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Antimicrobial stewardship


By Dr Caraliegh Stander, CS Vet

Antimicrobial resistance is not a new topic and it is much more than just a buzz-word. The Scottish physician, microbiologist, and pharmacologist Alexander Fleming first warned about antibiotic resistance in 1928. By 1968, researchers estimated that 50% of antimicrobial use was either unnecessary or inappropriate.

During the WHO World Antibiotic Awareness Week which took place from 12 to 18 November 2018, antimicrobial resistance was identified as one of the biggest threats to the health of all people world-wide, food security and development. In 2009, 25 000 people in the European Union (EU) died from multidrug resistance (MDR) bacterial infections. In 2011, 15 000 tons of antibiotics were sold in the USA for meat and poultry production, while 3 500 tons were sold for human use. It is estimated that ten million deaths and 300 million premature deaths will in 2050 be caused by resistance to antibiotics.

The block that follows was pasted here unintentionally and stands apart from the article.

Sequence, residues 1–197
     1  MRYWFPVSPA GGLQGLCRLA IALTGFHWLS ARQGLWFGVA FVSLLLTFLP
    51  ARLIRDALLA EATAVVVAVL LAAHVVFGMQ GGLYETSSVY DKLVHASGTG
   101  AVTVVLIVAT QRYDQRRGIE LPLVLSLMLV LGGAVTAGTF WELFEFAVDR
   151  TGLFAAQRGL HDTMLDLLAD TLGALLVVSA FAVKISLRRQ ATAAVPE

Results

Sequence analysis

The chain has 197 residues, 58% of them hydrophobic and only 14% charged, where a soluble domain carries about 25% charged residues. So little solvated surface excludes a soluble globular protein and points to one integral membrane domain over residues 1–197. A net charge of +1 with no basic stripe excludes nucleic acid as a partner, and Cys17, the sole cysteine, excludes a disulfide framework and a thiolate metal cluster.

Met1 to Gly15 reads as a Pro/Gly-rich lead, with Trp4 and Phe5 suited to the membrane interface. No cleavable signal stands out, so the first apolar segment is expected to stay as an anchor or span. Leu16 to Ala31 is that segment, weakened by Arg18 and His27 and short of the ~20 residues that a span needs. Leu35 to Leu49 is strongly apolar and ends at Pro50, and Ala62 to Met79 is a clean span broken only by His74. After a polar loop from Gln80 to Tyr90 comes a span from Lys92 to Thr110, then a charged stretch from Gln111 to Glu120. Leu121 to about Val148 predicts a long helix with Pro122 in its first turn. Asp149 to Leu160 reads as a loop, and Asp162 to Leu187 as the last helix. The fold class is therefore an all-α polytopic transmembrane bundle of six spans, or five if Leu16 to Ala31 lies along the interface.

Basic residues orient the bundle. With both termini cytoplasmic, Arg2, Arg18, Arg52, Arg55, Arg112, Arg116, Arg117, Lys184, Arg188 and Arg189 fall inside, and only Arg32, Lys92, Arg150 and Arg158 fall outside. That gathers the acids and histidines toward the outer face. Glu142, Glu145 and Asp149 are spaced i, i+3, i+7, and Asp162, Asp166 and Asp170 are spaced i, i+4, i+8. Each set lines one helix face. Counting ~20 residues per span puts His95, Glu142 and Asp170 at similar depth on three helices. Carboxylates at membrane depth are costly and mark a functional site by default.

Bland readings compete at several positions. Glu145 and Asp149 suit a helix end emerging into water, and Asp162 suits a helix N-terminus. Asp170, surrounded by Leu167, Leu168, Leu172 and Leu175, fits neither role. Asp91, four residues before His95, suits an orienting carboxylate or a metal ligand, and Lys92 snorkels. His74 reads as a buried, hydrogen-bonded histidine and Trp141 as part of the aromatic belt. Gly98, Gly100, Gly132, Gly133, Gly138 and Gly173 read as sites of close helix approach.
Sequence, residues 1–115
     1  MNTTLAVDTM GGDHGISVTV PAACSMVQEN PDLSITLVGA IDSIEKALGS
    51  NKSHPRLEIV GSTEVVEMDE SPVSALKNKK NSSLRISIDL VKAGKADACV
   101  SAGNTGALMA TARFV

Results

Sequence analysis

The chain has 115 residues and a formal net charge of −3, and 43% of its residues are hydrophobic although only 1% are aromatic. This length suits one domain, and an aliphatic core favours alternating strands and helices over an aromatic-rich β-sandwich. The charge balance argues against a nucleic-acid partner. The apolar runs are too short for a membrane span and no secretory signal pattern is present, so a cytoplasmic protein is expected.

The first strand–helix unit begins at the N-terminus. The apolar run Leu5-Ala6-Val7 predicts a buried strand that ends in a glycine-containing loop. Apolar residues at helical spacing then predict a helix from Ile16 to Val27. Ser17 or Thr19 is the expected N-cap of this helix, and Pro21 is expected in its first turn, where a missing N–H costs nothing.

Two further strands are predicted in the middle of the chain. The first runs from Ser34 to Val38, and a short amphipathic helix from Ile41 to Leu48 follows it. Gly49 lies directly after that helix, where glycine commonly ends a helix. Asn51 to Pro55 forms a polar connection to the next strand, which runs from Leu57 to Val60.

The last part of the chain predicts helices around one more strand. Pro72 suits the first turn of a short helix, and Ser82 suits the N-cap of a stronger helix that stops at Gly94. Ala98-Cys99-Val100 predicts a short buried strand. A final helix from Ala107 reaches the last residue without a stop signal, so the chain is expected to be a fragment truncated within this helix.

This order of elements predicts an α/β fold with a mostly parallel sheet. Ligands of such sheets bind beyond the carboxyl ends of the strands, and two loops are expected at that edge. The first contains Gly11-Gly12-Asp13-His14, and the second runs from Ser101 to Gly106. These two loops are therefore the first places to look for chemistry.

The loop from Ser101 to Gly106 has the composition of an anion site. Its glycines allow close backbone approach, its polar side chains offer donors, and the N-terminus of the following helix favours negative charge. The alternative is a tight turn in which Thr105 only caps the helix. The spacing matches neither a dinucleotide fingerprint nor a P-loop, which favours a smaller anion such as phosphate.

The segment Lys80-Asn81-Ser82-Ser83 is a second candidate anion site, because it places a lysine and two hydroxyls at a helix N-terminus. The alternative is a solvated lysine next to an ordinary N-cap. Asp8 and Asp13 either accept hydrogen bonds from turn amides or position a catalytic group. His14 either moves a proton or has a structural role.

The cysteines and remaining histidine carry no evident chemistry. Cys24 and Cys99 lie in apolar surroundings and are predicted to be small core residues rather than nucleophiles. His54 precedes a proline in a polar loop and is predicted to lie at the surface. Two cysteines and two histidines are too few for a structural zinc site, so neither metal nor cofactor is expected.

However, the discovery of antibiotics has radically changed the way we live. It is perhaps the type of drug to have saved the most lives in the world and has also allowed us to produce an enormous amount of food.

Antimicrobial stewardship

Antimicrobial stewardship is a set of coordinated interventions designed to improve and measure the appropriate use of antibiotics. The stewards are:

  • Veterinary services, vets, vet students
  • Policy makers
  • Farmers
  • The pharmaceutical industry.
  • Wholesalers and retailers
  • Animal feed manufacturers.
  • Consumers (of food and as patients)

Antimicrobial stewardship globally

It is estimated that up to 50% of human antibiotic use and 80% of veterinary antibiotic use could be eliminated without serious consequence.

In 2006, the EU banned medically important antibiotics as animal growth promoters. In 2013, the USA began a three year transition period to place regulatory restrictions on the use of antibiotic agents in animals for growth promotion, while China announced in 2016 that the use of Colistin (a last-line antibiotic to treat MDR infections in humans) as a growth promoter in animals would be replaced by non-human antibiotics. In 2016 the United Nations General Assembly (UNGA) acknowledged the public health threat of antimicrobial resistance (AMR) and called for a coordinated global effort to develop and implement multi-sector national action plans, policies, regulations and initiatives to preserve global access to effective antimicrobials. South Africa’s position is influenced by our unique socio-economic climate, which requires alternative policies and mitigation strategies to embrace antimicrobial stewardship.